by Barry Weisleder (dateline: Warsaw, July 23)
At the end of a mid-summer bus tour of this eastern European country, replete with feudal relics, perogies and déclassé intellectuals moon-lighting as tour guides, we encountered a truly massive protest in Warsaw. It was dusk on July 22.
The ultra-conservative regime of President Andrzej Duda sparked a wave of demonstrations, nationwide, by pushing a law through the two chambers of Poland’s parliament (Sejm) that would enable the government to control the Supreme Court. This crude power play by the anti-immigrant, anti-abortion Duda was performed in three acts: 1. Securing the right to fire the heads of lower courts. 2. Taking control of the body that appoints judges. 3. Forcing all Supreme Court judges to step down, except for those retained by Poland’s president.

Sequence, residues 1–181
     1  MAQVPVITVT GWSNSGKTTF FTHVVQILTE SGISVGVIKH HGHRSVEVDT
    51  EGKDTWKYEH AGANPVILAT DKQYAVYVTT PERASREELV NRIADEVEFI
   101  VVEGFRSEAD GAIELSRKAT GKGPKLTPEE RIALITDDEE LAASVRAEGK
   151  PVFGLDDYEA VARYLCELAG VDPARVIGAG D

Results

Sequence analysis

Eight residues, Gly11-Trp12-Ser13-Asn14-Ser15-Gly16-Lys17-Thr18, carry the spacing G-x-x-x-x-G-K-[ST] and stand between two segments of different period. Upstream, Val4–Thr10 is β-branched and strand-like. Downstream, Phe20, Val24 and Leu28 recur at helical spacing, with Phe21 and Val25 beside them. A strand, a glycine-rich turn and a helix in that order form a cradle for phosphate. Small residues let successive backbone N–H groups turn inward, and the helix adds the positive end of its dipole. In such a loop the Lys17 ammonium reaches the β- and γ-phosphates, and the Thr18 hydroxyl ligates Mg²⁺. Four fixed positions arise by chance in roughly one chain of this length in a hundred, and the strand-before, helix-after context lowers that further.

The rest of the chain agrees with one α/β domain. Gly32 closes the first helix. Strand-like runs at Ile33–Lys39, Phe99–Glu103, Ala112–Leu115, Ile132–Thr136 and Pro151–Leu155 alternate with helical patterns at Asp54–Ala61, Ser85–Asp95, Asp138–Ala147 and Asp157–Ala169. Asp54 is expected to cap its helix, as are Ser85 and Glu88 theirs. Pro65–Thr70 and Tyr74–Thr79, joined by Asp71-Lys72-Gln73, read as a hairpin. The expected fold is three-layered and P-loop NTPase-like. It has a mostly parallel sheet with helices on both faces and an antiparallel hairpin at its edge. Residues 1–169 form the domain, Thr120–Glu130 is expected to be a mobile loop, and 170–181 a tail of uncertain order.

Continue reading Poles Protest Attack on Judiciary
by Y. Fikret Kayali
The Renault autoworkers in Bursa, Turkey, halted production on May 15. Tofaş workers, who produce Fiat cars, stopped working the following day. The wildcat strikes spread to six other factories in the metal sector in Bursa.
Several other factory workers in Bursa, Kocaeli, Ankara, and Sakarya either went on strike or protested against their employers. More than 20,000 workers have taken strike action, and the Renault workers are still not back to work as this paper goes to press.
Continue reading Turkish Metalworkers Strike